Humor and moral outrage share the stage in this semisatirical look at Western culture.
Haynes’ book looks at American history starting at about 1960—a point which the author takes as the culmination of U.S. ability and moral authority—and traces what he sees as a slow and tragic decline. Using an extended metaphor of Frisbee and Milk Duds to express cultural trends that are harming the U.S. (moral relativism, apparent immaturity), he explains that Western culture is self-destructing under its own bad habits, and he makes a case for returning to the cultural norms of America circa 1957–1963. These norms include a strong nuclear family, a traditional Christianity in the Protestant mode, and a vehement stance against communism and, by extension, socialism. Haynes makes his points with charm and good humor, but the overall effect is less than convincing, because his arguments are short on analysis and logic. At several points, Haynes extols the virtue of science and engineering, yet he dismisses evolution and climate change—both theories which, while controversial politically and socially, have the preponderance of scientific evidence on their sides—with glib responses that portray more emotion-based approaches than rationality. More damaging to the overall tone, Haynes repeatedly uses terms such as “decent” and “normal” to describe those who think like him, potentially alienating many readers. By the end of the book, Haynes’ early attempts at determined fair-mindedness give way to condescension, disguising his natural wit and authorial charm with a clichéd set of talking points that make it difficult to latch on to the occasional good point he does raise.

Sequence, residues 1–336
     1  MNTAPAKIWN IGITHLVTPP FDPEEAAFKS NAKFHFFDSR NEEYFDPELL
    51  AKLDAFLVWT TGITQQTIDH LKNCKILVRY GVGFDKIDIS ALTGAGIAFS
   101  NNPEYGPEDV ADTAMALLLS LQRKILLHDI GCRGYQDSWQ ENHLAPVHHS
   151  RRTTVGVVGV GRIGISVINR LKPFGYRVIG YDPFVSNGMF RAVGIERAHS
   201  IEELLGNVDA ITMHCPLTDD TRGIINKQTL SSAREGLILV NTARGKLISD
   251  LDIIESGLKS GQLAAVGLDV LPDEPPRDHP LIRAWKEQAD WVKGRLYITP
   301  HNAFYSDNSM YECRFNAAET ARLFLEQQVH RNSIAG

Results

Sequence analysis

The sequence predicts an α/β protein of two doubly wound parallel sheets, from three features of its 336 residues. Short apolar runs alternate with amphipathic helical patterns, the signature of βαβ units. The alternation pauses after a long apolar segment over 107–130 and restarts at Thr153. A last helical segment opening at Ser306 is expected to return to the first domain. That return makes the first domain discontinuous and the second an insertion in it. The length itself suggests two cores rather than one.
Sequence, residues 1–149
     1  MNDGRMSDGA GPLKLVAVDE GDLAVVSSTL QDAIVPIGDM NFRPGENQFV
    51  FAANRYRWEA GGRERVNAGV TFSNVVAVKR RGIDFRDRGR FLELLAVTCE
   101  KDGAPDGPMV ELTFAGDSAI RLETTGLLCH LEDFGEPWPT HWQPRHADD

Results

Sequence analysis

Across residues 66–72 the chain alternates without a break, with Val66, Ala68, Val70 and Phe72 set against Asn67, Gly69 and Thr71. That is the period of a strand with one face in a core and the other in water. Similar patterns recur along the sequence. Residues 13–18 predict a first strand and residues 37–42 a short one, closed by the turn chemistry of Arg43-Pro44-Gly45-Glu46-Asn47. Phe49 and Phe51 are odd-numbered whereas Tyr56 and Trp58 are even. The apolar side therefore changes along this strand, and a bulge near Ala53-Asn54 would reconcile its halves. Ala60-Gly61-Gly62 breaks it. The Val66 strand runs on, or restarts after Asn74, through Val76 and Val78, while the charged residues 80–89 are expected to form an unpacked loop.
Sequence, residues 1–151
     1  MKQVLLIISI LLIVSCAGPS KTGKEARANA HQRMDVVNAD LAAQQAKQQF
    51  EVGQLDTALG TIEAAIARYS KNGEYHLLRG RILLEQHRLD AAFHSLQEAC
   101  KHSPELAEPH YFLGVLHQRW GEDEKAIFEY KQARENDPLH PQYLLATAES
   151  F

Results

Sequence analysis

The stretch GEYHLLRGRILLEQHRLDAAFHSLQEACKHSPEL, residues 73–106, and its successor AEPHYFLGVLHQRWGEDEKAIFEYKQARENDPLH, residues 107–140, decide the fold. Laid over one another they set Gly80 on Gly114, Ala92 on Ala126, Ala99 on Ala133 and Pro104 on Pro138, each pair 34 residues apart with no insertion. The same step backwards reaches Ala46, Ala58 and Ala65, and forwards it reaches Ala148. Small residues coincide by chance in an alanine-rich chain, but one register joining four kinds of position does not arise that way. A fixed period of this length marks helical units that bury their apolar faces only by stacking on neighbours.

Despite his considerable skill as a writer, the author’s initial tone of logic and thoughtfulness morphs into barely checked irritation, which makes reading difficult.